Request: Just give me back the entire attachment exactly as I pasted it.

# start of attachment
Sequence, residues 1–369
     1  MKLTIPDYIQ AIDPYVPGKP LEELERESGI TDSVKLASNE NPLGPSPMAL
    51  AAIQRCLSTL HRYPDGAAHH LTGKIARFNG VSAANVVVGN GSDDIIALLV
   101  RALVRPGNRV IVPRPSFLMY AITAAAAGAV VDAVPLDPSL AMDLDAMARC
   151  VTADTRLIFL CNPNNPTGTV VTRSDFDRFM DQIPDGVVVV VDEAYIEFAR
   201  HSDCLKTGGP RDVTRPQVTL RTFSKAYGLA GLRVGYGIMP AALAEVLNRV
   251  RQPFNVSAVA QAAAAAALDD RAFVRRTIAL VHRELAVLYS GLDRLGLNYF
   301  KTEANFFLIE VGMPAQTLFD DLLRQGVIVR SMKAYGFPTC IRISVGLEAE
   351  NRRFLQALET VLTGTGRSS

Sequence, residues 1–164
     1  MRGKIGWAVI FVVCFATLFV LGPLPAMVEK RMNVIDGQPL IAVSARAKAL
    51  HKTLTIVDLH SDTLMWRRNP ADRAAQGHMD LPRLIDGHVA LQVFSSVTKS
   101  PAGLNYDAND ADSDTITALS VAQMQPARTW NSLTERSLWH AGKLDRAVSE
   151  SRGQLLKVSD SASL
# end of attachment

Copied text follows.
Sequence, residues 1–369
     1  MKLTIPDYIQ AIDPYVPGKP LEELERESGI TDSVKLASNE NPLGPSPMAL
    51  AAIQRCLSTL HRYPDGAAHH LTGKIARFNG VSAANVVVGN GSDDIIALLV
   101  RALVRPGNRV IVPRPSFLMY AITAAAAGAV VDAVPLDPSL AMDLDAMARC
   151  VTADTRLIFL CNPNNPTGTV VTRSDFDRFM DQIPDGVVVV VDEAYIEFAR
   201  HSDCLKTGGP RDVTRPQVTL RTFSKAYGLA GLRVGYGIMP AALAEVLNRV
   251  RQPFNVSAVA QAAAAAALDD RAFVRRTIAL VHRELAVLYS GLDRLGLNYF
   301  KTEANFFLIE VGMPAQTLFD DLLRQGVIVR SMKAYGFPTC IRISVGLEAE
   351  NRRFLQALET VLTGTGRSS

Sequence, residues 1–164
     1  MRGKIGWAVI FVVCFATLFV LGPLPAMVEK RMNVIDGQPL IAVSARAKAL
    51  HKTLTIVDLH SDTLMWRRNP ADRAAQGHMD LPRLIDGHVA LQVFSSVTKS
   101  PAGLNYDAND ADSDTITALS VAQMQPARTW NSLTERSLWH AGKLDRAVSE
   151  SRGQLLKVSD SASL